As the year of 2020 passes, American’s reflect on where they assign their most basic needs and values. The Covid-19 pandemic introduced us to challenges many have never seen before and fostered a renewed appreciation for the factory workers and farmers putting food on tables across the country.
In a recent American study, agriculture and farming was ranked as one of the most favorable U.S. industrial sectors. The coronavirus has forced us to ask, “Where does my food come from?” And more importantly, encouraged people to really redefine their relationships with the food supply chain and their impact on the industry’s sustainability.
Farming, rightfully so, has been deemed an essential industry during this time of uncertainty. Not only do agriculture and related industries provide over 10% of U.S. employment, but they contribute over $136 billion of gross domestic product to the economy, according to the USDA. The hidden hands that feed us have been shielded from the public eye – it’s important to understand that food doesn’t just appear at the grocery store or at a restaurant, but rather it is produced by humble individuals who work tirelessly to do so.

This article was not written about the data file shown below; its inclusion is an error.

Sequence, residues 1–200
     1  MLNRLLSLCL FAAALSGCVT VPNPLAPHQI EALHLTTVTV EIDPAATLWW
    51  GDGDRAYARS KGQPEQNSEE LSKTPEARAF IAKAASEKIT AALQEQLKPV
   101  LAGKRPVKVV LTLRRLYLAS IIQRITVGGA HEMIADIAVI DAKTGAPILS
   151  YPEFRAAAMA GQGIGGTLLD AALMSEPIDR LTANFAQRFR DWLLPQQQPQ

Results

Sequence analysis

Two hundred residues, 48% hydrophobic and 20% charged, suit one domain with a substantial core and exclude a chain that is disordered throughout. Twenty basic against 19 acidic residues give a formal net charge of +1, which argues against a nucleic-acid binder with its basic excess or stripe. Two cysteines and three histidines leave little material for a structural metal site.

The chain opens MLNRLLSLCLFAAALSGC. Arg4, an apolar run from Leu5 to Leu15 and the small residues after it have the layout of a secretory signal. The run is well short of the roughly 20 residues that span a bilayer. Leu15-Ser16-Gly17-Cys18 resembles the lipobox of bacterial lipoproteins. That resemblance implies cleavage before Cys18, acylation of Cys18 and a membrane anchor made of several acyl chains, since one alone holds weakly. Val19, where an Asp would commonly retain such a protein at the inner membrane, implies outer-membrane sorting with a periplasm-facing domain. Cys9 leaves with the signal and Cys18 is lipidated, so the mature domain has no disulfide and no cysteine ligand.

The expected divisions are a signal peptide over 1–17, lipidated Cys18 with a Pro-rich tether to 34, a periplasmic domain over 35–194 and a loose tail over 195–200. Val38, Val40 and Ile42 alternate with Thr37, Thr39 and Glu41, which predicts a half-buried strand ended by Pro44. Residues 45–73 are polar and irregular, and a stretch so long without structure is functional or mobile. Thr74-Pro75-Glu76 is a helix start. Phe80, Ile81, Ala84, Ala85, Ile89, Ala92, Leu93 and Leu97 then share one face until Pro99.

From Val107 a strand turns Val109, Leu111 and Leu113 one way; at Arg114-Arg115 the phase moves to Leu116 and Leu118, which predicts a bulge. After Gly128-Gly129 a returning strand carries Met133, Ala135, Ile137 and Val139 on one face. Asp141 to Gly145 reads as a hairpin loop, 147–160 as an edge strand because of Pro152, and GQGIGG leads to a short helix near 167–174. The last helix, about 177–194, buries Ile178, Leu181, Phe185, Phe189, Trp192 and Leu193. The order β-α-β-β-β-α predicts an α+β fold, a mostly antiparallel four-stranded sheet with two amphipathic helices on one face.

Amid the coronavirus pandemic, there has been “a growing understanding of how important stable food supply is to the health and well-being of our nation,” said American Farm Bureau Federation President Zippy Duvall. Many American’s believe that a stable food supply is a matter of national security, and more aid needs to be provided to farmers who felt the shockwaves caused by the pandemic. In efforts to slow the spread of coronavirus, precautions were made at our nation’s borders, limiting the amount of expected workers coming to the U.S. from Mexico and other countries through the H-2A program. About 20% of farm workers in the U.S. come through the H-2A program, causing American farmers to work overtime to try and meet the demand of production. An American Farm Bureau Federation poll shows 84% of American’s trust our nation’s farmers and support aid from the government to keep the farms running.
We have learned some important lessons around the social connectedness a meal can encourage. When we think about how the year brought stay-at-home ordinances and marginal restaurant capacity, people were forced to reinvent the meaning of food and how a home cooked meal can foster new perspective and appreciation. As we look back on 2020 and thank those front line workers who helped us get through the year safely, we must not overlook the farm workers. After all, you can’t change the world on an empty stomach.